Biomarkers in atrial fibrillation: a clinical review.
Assessment of atrial fibrillation (AF)-associated stroke risk is at present mainly based on clinical risk scores such as CHADS2 and CHA2DS2-VASc, although these scores provide only modest discrimination of risk for individual patients. Biomarkers derived from the blood may help refine risk assessment in AF for stroke outcomes and for mortality. Recent studies of biomarkers in AF have shown that they can substantially improve risk stratification. Cardiac biomarkers, such as troponin and natriuretic peptides, significantly improve risk stratification in addition to current clinical risk stratification models. Similar findings have recently been described for markers of renal function, coagulation, and inflammation in AF populations based on large randomized prospective clinical trials or large community-based cohorts. These new findings may enable development of novel tools to improve clinical risk assessment in AF. Biomarkers in AF may also improve the understanding of the pathophysiology of AF further as well as potentially elucidate novel treatment targets. This review will highlight novel associations of biomarkers and outcomes in AF as well as recent progress in the use of biomarkers for risk stratification.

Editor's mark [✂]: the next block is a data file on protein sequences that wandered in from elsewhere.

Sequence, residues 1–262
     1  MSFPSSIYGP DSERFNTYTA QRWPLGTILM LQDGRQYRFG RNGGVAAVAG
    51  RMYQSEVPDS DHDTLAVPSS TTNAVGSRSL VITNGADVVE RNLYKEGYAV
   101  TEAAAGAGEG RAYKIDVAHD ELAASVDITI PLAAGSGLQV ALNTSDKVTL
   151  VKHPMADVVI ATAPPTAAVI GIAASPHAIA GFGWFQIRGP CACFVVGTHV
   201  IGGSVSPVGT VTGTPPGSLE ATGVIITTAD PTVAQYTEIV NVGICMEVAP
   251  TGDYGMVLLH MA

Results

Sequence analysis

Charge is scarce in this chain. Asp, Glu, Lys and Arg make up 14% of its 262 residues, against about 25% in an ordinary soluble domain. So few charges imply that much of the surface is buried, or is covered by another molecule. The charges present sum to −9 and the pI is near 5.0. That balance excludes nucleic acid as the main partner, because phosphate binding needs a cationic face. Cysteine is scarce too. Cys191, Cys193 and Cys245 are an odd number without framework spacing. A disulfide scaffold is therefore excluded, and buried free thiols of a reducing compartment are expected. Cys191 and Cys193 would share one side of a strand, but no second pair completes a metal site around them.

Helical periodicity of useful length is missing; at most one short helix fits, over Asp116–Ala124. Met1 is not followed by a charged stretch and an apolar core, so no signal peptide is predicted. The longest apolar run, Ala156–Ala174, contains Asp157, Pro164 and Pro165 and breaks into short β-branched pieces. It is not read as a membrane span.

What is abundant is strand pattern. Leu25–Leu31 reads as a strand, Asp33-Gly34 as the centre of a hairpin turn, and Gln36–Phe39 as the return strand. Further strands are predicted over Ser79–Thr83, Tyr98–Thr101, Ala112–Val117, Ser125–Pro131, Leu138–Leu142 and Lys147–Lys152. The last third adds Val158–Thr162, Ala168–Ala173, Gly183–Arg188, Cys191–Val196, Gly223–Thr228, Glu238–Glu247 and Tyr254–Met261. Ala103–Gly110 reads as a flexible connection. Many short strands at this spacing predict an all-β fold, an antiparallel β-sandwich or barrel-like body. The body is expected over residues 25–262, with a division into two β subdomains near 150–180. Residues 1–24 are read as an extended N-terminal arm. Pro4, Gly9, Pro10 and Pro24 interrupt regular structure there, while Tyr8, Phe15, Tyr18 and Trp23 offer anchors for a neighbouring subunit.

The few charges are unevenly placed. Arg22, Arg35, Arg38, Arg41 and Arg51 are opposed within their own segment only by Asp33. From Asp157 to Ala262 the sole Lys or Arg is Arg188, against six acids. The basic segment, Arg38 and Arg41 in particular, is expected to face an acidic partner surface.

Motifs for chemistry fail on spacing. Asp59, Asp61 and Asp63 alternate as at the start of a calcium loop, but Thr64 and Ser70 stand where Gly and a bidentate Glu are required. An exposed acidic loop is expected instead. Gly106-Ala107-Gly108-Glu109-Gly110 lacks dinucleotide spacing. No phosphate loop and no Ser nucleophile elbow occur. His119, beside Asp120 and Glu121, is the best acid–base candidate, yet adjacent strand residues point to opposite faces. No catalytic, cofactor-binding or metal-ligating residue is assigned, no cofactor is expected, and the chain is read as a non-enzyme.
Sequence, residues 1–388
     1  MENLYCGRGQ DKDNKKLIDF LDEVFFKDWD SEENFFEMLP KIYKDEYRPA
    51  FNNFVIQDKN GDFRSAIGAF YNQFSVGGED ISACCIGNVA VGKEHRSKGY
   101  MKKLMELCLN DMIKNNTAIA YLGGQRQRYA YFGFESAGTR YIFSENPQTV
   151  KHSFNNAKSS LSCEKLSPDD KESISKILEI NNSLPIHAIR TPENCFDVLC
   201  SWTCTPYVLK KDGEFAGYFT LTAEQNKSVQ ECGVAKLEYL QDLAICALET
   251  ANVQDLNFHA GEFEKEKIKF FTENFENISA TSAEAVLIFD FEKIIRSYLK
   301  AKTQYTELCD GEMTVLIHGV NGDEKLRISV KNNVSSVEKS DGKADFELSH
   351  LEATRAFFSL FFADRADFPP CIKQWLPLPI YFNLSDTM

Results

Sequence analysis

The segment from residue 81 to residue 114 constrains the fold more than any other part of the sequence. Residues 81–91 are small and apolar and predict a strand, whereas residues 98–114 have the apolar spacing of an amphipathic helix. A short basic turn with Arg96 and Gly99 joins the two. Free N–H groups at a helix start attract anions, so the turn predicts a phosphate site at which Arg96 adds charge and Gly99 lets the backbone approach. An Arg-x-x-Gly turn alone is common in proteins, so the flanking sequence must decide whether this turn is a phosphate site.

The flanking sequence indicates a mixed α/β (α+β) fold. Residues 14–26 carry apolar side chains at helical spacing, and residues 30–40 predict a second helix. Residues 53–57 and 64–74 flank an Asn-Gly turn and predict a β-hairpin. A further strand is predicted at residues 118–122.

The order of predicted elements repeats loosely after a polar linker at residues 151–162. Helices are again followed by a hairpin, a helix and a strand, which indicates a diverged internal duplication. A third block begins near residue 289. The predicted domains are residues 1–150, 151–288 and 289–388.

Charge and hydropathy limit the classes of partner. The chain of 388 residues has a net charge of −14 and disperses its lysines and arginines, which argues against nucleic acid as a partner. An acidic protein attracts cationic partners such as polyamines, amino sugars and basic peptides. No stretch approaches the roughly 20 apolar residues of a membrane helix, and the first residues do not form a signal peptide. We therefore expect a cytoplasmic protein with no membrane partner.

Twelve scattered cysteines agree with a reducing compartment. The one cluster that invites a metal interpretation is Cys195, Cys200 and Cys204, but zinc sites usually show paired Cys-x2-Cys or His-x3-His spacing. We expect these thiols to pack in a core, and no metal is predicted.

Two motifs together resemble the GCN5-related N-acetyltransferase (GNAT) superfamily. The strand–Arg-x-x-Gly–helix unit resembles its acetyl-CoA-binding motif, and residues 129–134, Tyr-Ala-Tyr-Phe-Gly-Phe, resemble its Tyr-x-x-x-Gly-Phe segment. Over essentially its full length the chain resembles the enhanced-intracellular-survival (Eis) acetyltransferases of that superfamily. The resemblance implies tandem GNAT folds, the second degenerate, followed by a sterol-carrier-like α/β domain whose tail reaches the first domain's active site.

Hijazi, Z; Oldgren, J; Siegbahn, A; Granger, CB; Wallentin, L
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